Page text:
[an error occurred while processing this directive]
BBC News
watch One-Minute World News
Languages
Last Updated: Tuesday, 10 August, 2004, 08:40 GMT 09:40 UK
Japan nuclear firm investigated
A burst cooling pipe at the Mihama power station in Japan
The plant operator had been warned the pipe was a safety risk
The Japanese company running a nuclear power plant where four employees died on Monday is being investigated on suspicion of negligence, police said.

Kansai Electric Power admitted it was told last year that a cooling pipe which burst was a safety threat.

The pipe was not checked again because it was not expected to corrode so quickly, and it had not been thoroughly checked since 1976, the company said.

Officials insist there was no radiation leak following the accident.

Four people were killed and seven injured by escaping steam and boiling water after the pipe burst in the plant in Mihama, Fukui prefecture. At least one of the injured is in a critical condition, with 80% burns.

It was the deadliest accident that a Japanese nuclear power plant has suffered, and has again rocked confidence in the country's accident-prone nuclear industry.

Police investigators were accompanied by regional and national authorities as they arrived to inspect the plant on Tuesday, said police spokesman Fuminaga Miyamoto.

"Police are investigating the company on suspicion of corporate negligence resulting in death," he said.

The company, also known as Kepco, has already admitted that the cooling pipe had dangerously corroded to just 1.4mm from its original 10mm thickness. It said it has not properly inspected the pipe since it was fitted in 1976.

"We conducted visual inspections, but never made ultrasonic tests, which can measure the thickness of a steel pipe," said spokesman Haruo Nakano.

After the accident, Kepco found a hole in the pipe, through which steam from 150 degrees Celsius- (300 Fahrenheit-) water had spewed.

Safety check due

Japan's Kyodo news agency cited investigation sources as saying that police believe Kepco may have neglected safety standards by allowing workers to prepare for an annual inspection while the plant was still running.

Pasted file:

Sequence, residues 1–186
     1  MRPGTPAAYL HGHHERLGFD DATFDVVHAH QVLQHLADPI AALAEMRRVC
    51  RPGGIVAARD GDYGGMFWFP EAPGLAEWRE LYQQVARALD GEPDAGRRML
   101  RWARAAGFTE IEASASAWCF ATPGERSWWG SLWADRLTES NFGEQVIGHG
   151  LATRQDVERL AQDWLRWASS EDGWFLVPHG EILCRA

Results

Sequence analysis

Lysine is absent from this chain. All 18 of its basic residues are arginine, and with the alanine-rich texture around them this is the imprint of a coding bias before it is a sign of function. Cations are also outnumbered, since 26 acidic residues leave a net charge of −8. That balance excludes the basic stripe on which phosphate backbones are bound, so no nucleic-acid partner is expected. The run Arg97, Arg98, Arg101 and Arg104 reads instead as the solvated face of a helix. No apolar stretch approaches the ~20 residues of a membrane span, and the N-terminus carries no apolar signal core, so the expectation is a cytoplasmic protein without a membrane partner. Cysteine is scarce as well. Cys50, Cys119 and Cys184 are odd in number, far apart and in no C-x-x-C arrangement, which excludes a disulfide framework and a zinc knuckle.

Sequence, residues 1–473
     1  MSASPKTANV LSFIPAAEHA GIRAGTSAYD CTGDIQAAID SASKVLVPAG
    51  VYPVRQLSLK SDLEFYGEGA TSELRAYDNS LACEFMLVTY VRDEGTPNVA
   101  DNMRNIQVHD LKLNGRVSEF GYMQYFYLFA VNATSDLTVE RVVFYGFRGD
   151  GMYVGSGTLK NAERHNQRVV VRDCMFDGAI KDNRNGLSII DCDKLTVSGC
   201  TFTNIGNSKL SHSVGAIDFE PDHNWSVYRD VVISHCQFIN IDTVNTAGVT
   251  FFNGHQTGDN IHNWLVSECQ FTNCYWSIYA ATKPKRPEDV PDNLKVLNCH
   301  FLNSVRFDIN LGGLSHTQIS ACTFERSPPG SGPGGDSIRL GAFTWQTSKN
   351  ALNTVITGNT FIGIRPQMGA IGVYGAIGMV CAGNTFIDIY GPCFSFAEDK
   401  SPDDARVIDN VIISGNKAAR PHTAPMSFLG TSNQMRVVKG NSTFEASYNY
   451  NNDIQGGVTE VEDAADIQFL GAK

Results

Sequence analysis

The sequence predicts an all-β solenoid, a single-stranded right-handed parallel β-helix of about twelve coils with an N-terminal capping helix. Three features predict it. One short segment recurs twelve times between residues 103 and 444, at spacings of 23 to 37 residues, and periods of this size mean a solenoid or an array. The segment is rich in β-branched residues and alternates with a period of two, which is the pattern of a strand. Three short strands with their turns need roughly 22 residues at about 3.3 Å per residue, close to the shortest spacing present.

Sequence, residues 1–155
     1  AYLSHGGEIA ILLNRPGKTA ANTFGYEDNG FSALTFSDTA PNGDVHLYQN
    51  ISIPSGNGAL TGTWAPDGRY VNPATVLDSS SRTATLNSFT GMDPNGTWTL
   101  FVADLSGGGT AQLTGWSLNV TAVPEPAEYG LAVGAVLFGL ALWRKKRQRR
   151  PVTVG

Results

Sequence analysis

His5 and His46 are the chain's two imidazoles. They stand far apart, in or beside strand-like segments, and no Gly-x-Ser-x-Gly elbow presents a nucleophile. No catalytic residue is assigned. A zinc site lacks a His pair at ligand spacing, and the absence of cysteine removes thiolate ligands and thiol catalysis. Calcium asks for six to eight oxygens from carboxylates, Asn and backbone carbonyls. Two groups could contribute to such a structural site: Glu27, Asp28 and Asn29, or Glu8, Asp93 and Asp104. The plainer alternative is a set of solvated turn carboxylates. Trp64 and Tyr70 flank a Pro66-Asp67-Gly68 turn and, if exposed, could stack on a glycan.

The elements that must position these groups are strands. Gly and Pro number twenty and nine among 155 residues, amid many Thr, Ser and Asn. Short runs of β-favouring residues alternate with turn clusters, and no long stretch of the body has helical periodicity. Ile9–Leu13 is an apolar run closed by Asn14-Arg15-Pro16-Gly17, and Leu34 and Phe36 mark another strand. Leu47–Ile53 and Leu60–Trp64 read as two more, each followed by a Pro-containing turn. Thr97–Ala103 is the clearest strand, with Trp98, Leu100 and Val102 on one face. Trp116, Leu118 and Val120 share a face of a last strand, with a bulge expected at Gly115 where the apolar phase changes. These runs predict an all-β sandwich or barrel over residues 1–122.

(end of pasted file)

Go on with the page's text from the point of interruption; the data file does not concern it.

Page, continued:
The inspection was due to commence on Friday. Nuclear reactors are supposed to be shut down for inspections, Kyodo said.

Kepco deputy plant manager Akira Kokado said the company had been told by private contractors in April 2003 that the cooling pipes needed a thorough safety check.

The examination had been scheduled for 14 August - this coming Saturday.

"We thought we could delay the checks until this month," Mr Kokado said.

"We had never expected such rapid corrosion."

The BBC's Tokyo correspondent, Jonathan Head, says the government is now asking the operators of 22 other nuclear power plants similar to the one in Mihama to check their past inspection records.

Kepco spokesman Kenji Yamashita told BBC News Online that his company's 11 nuclear plants would all be checked immediately, and would be closed down if necessary.

Japan's Trade Minister Shoichi Nakagawa, who is responsible for nuclear policy, apologised on Tuesday for the accident.

"We must not undermine trust in nuclear energy policy. We would like to investigate the cause and make sure it does not happen again," he said.




WATCH AND LISTEN
The BBC's Jonathan Head
"It was the most deadly accident ever to occur at the Japanese nuclear facilities"



SEE ALSO:
Nuclear plant accident splits Japan press
10 Aug 04  |  Asia-Pacific
Accident at Japan nuclear plant
09 Aug 04  |  Asia-Pacific
Japan's shaky nuclear record
09 Aug 04  |  Asia-Pacific
Is Japan too reliant on nuclear power?
09 Aug 04  |  Have Your Say
Power shortages threat to Tokyo
15 Apr 03  |  Asia-Pacific


RELATED INTERNET LINKS:
The BBC is not responsible for the content of external internet sites


PRODUCTS AND SERVICES

News Front Page | Africa | Americas | Asia-Pacific | Europe | Middle East | South Asia
UK | Business | Entertainment | Science/Nature | Technology | Health
Have Your Say | In Pictures | Week at a Glance | Country Profiles | In Depth | Programmes
Americas Africa Europe Middle East South Asia Asia Pacific